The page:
Eyelevel Artist Run Centre & Bookstore is thrilled to announce the release of Sitelines, a self-published collection of texts, poems and visual works that reflects on the nature of itinerant art practices from both the perspective of practicing artists and through the lens of Artist Run Centres. Sitelines takes the form of a collection of booklets, postcards, and posters; bound together to reflect Eyelevel’s own decentralized programming model.
This unique piece of printed matter features case studies written by Eyelevel’s staff alongside commissioned contributions by local artists Ursula Handleigh, Angela Henderson, Francesca Ekwuyasi, Julie Hollenbach, Andrew Patterson, and Grace Stratton. Sitelines will be available starting September 19th. Pick up your copy at Eyelevel at 5663 Cornwallis St, online at eri8.art, or by visiting Eyelevel at the Halifax INK booth at the New York and Vancouver Art Book Fairs!
Eyelevel will be hosting a Launch Party in Halifax at Art Bar + Projects on October 3rd from 7PM to 10PM. The evening will include copies for sale, readings by the Sitelines contributors and overflowing gratitude.
Since 2013, Eyelevel Gallery has existed as an itinerant gallery—eschewing the traditional model in favour of more experimental forms of visual art presentation. Responding to success in offsite projects, Eyelevel has taken ownership of its reputation as a wandering body, energetically pursuing the model’s potential for artistic facilitation. Sitelines responds to this tradition—and investigates the projects undertaken in these first years as a “spaceless” gallery. Featuring contributions by Ursula Handleigh, Angela Henderson, Francesca Ekwuyasi, Julie Hollenbach, Andrew Patterson, and Grace Stratton, Sitelines exists as both a catalogue of a program, and an artistic document in and of itself. This is a shift away from speculative exhibition catalogues, traditionally published alongside of an exhibition. Sitelines is published by Eyelevel, and is designed by Jayme Spinks.
Eyelevel thanks all participating artists and contributors for your patience, energy, and ideas. We gratefully acknowledge the work of the Artistic Directors who shepherded this project through their time at Eyelevel: Katie Belcher, Julia McMillan and Sally Wolchyn-Raab with a particular thank you to Katie for her vision, direction, and editing.
A heartfelt thank you to Program Assistants Manet Dykes, Grace Stratton, Ryan Josey and Sophia Dime, and designer Jayme Spinks in bringing this publication to print. Thanks also to the Eyelevel Board of Directors, the Programming Committee, and to those who generously volunteered their time on the Sitelines working committee—Maeghan Banks, Sean Farmer, Matthew McLellan, and Jack Wong.
This project was supported by a project grant from Arts Nova Scotia and received employment support from Canadian Heritage through Young Canada Works Building Careers in Heritage. Lastly, we gratefully acknowledge financial contributions from The Canada Council for the Arts, Arts Nova Scotia, and the City of Halifax, whose ongoing funding makes our programming possible.
Sitelines is available for distribution, if you would like to carry copies for sale, please contact Sally Wolchyn-Raab at email@example.com
Ursula Handleigh is a cameraless photographer working with alternative processes of image-making, installation, and writing. Handleigh’s practice explores questions of identity, loss, memory, and kinship. Using experiential photography and the personal archive as a foundation for exploration, her work addresses the ways in which we create personal histories while challenging traditional methods of documentation. Handleigh holds a Masters of Fine Arts from NSCAD University and a Bachelor of Fine Arts from OCAD University. Her work has been exhibited across Canada, the United States, Europe, and Asia.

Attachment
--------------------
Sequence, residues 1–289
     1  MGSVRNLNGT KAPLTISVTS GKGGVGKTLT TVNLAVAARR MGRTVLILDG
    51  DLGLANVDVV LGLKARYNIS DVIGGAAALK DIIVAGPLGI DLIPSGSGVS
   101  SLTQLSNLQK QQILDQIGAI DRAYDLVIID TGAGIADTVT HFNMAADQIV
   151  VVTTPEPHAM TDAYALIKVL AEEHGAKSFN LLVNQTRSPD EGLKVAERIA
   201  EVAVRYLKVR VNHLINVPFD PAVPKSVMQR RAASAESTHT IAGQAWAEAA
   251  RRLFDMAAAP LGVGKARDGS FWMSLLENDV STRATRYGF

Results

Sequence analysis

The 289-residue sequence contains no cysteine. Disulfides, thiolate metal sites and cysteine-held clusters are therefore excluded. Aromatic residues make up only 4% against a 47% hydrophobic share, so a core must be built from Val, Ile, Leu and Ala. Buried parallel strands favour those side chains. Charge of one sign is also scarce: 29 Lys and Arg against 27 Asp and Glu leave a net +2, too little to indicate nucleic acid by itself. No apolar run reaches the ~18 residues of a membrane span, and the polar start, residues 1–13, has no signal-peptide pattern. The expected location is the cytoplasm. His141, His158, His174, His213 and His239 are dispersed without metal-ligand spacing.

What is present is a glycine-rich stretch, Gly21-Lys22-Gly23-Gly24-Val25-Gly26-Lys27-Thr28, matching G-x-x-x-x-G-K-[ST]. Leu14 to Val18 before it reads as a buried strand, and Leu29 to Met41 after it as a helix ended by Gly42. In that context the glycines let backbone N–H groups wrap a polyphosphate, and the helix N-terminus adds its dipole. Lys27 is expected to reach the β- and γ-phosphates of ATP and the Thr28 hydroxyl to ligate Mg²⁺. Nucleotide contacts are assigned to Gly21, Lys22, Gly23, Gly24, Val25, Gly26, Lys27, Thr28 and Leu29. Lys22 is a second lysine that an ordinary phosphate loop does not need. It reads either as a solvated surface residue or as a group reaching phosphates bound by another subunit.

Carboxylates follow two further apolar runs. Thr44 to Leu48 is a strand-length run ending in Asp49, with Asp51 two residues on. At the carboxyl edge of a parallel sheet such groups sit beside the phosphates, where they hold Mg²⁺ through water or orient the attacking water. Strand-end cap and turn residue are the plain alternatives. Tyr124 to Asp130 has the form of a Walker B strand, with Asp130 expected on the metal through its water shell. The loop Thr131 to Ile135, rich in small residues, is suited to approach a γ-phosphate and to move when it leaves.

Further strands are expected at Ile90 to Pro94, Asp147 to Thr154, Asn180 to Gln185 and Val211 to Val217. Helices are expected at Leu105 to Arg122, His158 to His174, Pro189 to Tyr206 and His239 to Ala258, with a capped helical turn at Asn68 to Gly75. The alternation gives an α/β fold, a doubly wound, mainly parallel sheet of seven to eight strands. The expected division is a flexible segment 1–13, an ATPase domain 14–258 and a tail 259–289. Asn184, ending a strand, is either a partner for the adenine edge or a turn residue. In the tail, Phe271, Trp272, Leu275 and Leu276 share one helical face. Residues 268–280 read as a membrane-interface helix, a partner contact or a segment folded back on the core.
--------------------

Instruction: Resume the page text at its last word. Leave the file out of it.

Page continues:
Angela Henderson is a visual artist and educator based in Halifax, Nova Scotia. Situated within the built environment, her practice explores fallow spaces, working with absence as a generative condition. Henderson's interdisciplinary practice encompasses computational processes and handcraft, using sculpture, drawing, and installation to develop a poetics of memory in spatial practice.
Julie Hollenbach is an artist, writer, curator, and educator. She holds a Ph.D. from Queen’s University in Art History for her research on craft as a social practice. Julie is a queer, white woman of German ancestry who lives and works in K’jipuktuk (Halifax, Nova Scotia).
Andrew Patterson is a writer/reader/listener based in Halifax, Nova Scotia. A poet interested in phenomenological approaches to language, his practice explores gesture, listening, shared experience, the cultural location of play and foundational expressivity. Andrew's work, which spans printed matter, mixed-media installation, audio and performance, seeks a balance between the sensual and semiotic experiences of language. By locating the poetic gesture in unlikely forms and cultural spaces, communication becomes less a function of transmission and more a sharing that becomes subject. All with intention to reward and encourage curiosity.
Grace Stratton is an electronics technician, writer, and musician located in Halifax, Nova Scotia. She thinks about accessibility & responsibility in the realm of art and technology and likes all music that’s doomy and gloomy.
Francesca Ekwuyasi is a writer, artist, and filmmaker from Lagos, Nigeria. Her work explores themes of faith, family, queerness, consumption, loneliness, and belonging. You may find her writing in Winter Tangerine Review, Brittle Paper, Transition Magazine, The Malahat Review, Visual Arts News, and GUTS Magazine. She is the creator of 'Black + Belonging', a short doc exploring how black artists craft belonging in Halifax, Nova Scotia, and is currently at work on a film project which navigates the intersections of queerness and faith.